What is so profound about Horatio Hellpop, the alter-ego of Nexus, is how plagued and tormented he is as a character. This shouldn’t be confused with the aforementioned movement that occurred during the late 80s which endeavored to make our beloved heroes suddenly cynical and gothic. The lighthearted dialogue puts much distance between the Miller-esque extremes that captivated the readers of Dark Knight Returns. The imagery of Nexus is colorful, expressive, featuring an array of supporting characters that are stylistically “cartoony” to enhance that distance. Nexus is better suited for Saturday morning television or late night anarchy (depending which side of the millennium you grew up on) than comics. Nevertheless, Horatio himself is a phenomenal character, with plenty of dimensions to keep the reader invested. Issue #32 is all about the titular hero smuggling himself to his ex-wife’s castle to see his own children, two twin girls with telekinetic powers. He also receives traumatic visions that inflict psychic pain on his body until he kills the men/women/aliens responsible, only growing stronger the more he delays. The issue of power addiction is a notable enhancement to Nexus’s obligatory service. Even if he wanted to hang up the mantle of power that he possesses, the hunger for power consumes him, which is incredible, considering his first act as Nexus was killing his own father, a rogue warlord living in exile for killing ten million people.
The mood of the comic is intensified by the imperative for justice. Batman doesn’t get PAS (pre-adjudication syndrome) from abstaining from crime fighting; neither would Superman (provided a disembodied pastor wasn’t eavesdropping on him). Nexus, on the other hand, “must-needs” waste some intergalactic scum bags, otherwise it causes him tremendous pain. In the issue, when he dispatches two loyal henchmen, Sinclair and Kreed, to take care of business while he is away trying to contact his daughters, Ylum is wracked by cosmic disturbances and earthquakes. The entire universe seems to scream for justice and blood. Earth’s merk, Kimbo, is attuned to a disparate frequency, advocating a message of rehabilitation and peace. Why, I am not certain; though I am very curious to see if these merks represent a larger paradigm at work here. I am doubtful that all merks savor the same justice as Drizripool (Nexus’s patron merk) and GQ, another resident merk on Ylum.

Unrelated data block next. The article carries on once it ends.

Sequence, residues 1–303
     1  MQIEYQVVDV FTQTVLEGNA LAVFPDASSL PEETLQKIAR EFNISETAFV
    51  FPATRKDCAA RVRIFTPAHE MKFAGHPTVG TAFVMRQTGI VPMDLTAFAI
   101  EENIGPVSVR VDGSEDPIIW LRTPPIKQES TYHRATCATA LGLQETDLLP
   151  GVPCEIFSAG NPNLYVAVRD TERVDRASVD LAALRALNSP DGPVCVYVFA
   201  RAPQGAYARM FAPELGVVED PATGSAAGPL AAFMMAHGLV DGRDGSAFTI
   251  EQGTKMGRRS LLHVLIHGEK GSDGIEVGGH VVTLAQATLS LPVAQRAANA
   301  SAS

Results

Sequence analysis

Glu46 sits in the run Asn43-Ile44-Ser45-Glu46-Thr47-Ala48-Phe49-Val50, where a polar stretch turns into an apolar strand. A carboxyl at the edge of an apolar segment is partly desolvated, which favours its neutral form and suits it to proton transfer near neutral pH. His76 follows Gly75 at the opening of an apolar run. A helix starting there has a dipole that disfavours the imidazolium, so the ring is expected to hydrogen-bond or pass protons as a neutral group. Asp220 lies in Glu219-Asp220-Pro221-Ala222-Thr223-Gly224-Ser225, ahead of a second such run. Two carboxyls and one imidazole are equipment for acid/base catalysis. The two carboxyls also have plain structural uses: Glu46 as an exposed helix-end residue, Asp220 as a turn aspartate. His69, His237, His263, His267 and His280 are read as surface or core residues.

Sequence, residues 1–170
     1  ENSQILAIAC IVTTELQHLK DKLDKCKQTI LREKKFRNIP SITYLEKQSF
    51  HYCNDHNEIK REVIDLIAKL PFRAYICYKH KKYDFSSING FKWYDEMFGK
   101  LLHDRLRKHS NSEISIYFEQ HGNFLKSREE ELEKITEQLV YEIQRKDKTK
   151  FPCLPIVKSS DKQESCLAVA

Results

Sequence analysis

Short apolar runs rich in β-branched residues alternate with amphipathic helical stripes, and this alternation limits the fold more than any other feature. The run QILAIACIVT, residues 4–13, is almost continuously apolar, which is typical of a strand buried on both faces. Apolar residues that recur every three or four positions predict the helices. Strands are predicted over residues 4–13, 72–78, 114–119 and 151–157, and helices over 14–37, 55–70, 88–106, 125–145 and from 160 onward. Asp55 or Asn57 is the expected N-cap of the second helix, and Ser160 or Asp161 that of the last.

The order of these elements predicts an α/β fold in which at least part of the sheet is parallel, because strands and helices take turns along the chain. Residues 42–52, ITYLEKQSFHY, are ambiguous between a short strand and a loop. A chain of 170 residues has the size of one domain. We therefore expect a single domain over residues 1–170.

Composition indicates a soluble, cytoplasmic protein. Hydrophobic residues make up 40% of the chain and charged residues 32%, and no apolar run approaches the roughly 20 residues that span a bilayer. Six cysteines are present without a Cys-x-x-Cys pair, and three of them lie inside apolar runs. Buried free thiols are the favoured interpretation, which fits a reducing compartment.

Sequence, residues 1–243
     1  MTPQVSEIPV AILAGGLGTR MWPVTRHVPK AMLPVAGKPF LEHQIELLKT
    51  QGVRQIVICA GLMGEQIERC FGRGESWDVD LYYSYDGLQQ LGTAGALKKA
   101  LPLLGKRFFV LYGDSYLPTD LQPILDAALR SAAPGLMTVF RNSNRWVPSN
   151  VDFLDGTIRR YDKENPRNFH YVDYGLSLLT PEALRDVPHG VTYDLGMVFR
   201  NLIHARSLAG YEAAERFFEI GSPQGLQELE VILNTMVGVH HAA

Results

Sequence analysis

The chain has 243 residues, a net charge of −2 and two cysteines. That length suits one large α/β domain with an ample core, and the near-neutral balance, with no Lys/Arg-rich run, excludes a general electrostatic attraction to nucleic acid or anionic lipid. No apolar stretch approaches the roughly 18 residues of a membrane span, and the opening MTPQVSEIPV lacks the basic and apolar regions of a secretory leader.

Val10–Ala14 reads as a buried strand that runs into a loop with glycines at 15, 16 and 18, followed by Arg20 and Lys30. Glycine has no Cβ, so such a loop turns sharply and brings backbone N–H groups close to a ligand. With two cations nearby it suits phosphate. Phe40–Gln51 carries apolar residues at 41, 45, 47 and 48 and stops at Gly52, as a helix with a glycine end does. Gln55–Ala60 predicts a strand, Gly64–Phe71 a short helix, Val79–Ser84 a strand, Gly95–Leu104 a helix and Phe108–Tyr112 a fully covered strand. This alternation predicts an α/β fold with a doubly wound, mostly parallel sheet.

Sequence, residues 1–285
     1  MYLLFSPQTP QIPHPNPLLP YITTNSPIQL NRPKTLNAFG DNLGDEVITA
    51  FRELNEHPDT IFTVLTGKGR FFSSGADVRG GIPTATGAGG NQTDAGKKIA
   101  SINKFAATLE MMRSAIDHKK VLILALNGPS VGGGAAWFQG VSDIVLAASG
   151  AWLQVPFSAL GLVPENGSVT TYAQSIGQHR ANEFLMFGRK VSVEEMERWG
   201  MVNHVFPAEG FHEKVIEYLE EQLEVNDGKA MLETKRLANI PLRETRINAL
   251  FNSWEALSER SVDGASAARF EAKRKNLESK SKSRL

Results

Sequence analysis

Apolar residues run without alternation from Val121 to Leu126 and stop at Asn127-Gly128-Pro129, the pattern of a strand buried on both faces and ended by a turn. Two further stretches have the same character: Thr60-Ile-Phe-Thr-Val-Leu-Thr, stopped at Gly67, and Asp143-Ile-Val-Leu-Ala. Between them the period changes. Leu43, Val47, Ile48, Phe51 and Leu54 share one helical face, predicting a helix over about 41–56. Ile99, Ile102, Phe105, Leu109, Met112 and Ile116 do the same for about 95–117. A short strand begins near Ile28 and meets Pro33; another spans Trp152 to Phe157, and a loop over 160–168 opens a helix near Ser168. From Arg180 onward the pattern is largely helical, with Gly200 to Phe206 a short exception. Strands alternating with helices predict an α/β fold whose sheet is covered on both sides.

Nexus is something like Eternal Warrior, only with a strong protagonist that is fleshed out and dynamic. Nothing about his costume is groundbreaking or revolutionary, but his backstory is solid, with a sincere plight that motivates him to continue. Horatio isn’t Spiderman either; he does not pursue the mantle of the Nexus because of guilt, but power. He thirsts for the same power that sustains his planet, his home, but his power is also the very same force that threatens his homeland from criminals seeking to kill him and his loved ones. His confidant, Judah Maccabee (AKA The Hammer of God) is also equally formed, a refugee indebted to Nexus for saving his people. They travel together, converse together, both on equal footing without the cliched role disparity of the initiate/master relationship. Judah’s general demeanor is winsomely charming, both witty and profoundly adept at small talk, coercive and assertive in all circumstances. For all its victories, my qualms are few and I highly recommend purchasing the Dark Horse reprinted editions. Just don’t do it before me!
10 Fusionkastings (of 10)